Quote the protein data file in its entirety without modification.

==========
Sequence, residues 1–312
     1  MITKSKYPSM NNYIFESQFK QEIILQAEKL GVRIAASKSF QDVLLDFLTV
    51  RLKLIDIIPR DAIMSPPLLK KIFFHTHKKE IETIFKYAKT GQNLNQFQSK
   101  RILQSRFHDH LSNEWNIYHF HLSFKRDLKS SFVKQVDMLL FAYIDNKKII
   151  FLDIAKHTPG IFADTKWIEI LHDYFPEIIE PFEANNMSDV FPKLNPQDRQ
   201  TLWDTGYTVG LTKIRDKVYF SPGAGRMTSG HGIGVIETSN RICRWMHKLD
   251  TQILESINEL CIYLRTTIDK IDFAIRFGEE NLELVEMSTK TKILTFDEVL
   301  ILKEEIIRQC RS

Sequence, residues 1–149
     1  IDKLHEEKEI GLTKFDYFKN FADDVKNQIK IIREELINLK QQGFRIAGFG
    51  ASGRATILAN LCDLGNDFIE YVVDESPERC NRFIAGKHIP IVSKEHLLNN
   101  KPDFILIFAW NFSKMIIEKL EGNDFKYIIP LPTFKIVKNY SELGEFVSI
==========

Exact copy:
Sequence, residues 1–312
     1  MITKSKYPSM NNYIFESQFK QEIILQAEKL GVRIAASKSF QDVLLDFLTV
    51  RLKLIDIIPR DAIMSPPLLK KIFFHTHKKE IETIFKYAKT GQNLNQFQSK
   101  RILQSRFHDH LSNEWNIYHF HLSFKRDLKS SFVKQVDMLL FAYIDNKKII
   151  FLDIAKHTPG IFADTKWIEI LHDYFPEIIE PFEANNMSDV FPKLNPQDRQ
   201  TLWDTGYTVG LTKIRDKVYF SPGAGRMTSG HGIGVIETSN RICRWMHKLD
   251  TQILESINEL CIYLRTTIDK IDFAIRFGEE NLELVEMSTK TKILTFDEVL
   301  ILKEEIIRQC RS

Sequence, residues 1–149
     1  IDKLHEEKEI GLTKFDYFKN FADDVKNQIK IIREELINLK QQGFRIAGFG
    51  ASGRATILAN LCDLGNDFIE YVVDESPERC NRFIAGKHIP IVSKEHLLNN
   101  KPDFILIFAW NFSKMIIEKL EGNDFKYIIP LPTFKIVKNY SELGEFVSI